The best of Chelsea

It’s show time! The RHS Chelsea Flower Show is on this week, with gardeners around the world eagerly awaiting to see the latest in garden design unveiled. Jean Vernon picks her five favourite gardens.

Royal Bank of Canada Garden
Royal Bank of Canada Garden. Image: Jean Vernon
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A Perfumer’s Garden in Grasse

Designer: James Basson. Sponsor: L’Occitane

I love the naturalistic planting in this garden. It exudes peace and tranquility in a rustic, simple elegance. Representing the historical decline and current renaissance of the traditional perfume plantations of the Grasse perfume industry, the garden design is beautifully balanced in a soft pallete of colours and rich in natural fragrance.

LOccitane garden
A Perfumer’s Garden in Grasse by L’Occitane. Image: Jean Vernon

The Beauty of Islam

Designer: Kamela Bin Zal. Sponsor: Al Barari

This garden is stunning in its simplistic use of colour, texture and shapes. It’s a contemporary take on traditional Islamic garden design and reflects the beauty of Arabic and Islamic culture. The stark white Islamic archways and the beautiful use of water linking through the design creates a peaceful sanctuary and a place to nurture the soul. Its subtle planting of spices and herbs, such as cardamom, rosemary and olives, hint at the evocative and cultural spice trade of the Islamic and Arabic culture.

The Beauty of Islam garden
The Beauty of Islam. Image: Jean Vernon

The Telegraph Garden

Designer: Marcus Barnett. Sponsor: The Telegraph

The more you stand and admire this garden, the more you see. It’s a garden of many levels and hidden depths. First impressions are of its elegant geometrical and blocked planting of perfect proportions. But then the intricacies of the tonal plantings become apparent. It’s inspired by the De Stijl Movement and uses clear primary colours, which are emphasised, offset and balanced by the restful use of greens and white.

Telegraph Garden
Telegraph Garden. Image: Jean Vernon

Royal Bank of Canada Garden

Designer: Matthew Wilson. Sponsor: Royal Bank of Canada

Shapes, lines and contours characterise a garden and in this one it’s a celebration of the curve. Beautiful curved paths, a circular water feature of several levels and a cloud pruned olive tree each accentuate the voluptuous feel of this garden. The garden also portrays a simple message; the importance of water to not just our plants and gardens, but for the planet too.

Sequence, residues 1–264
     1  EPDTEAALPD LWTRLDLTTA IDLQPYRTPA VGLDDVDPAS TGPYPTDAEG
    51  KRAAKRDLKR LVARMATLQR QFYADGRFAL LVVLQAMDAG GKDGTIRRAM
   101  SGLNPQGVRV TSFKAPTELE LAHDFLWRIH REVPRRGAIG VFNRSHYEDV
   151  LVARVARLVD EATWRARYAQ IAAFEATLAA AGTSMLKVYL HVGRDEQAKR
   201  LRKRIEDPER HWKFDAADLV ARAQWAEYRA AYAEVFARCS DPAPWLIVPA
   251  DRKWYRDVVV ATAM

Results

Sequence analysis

Royal Bank of Canada Garden
Royal Bank of Canada Garden. Image: Jean Vernon

Sentebale- Hope in Vulnerability

Designer: Matt Keightley. Sponsor: The David Brownlow Charitable Foundation

There’s something very humbling and earthy about this garden. The dusty red earth transports you to South Africa, but the fresh, vibrant planting is rich, dense and uplifting. The garden is inspired by Sentebale’s Mamahato Children’s Centre, due to open in 2015 to help Lesotho’s vulnerable children. It’s designed to raise awareness of Sentebale’s mission to tackle the stigma of HIV in adolescents, helping to provide access to care and education and providing psychosocial support.

Sentebale garden
Sentebale – Hope in Vulnerability. Image: Jean Vernon

 

Jean Vernon

About Jean Vernon

Jean Vernon is a slightly quirky, bee friendly, alternative gardener. She doesn’t follow the rules and likes to push the boundaries a bit just to see what happens. She has a fascination for odd plants, especially edibles and a keen interest in growing for pollinators especially bees. She’s rather obsessed with the little buzzers. Telegraph Gardening Correspondent, mostly testing and trialing products and Editor-In-Chief for Richard Jackson’s Garden.
@TheGreenJeanie
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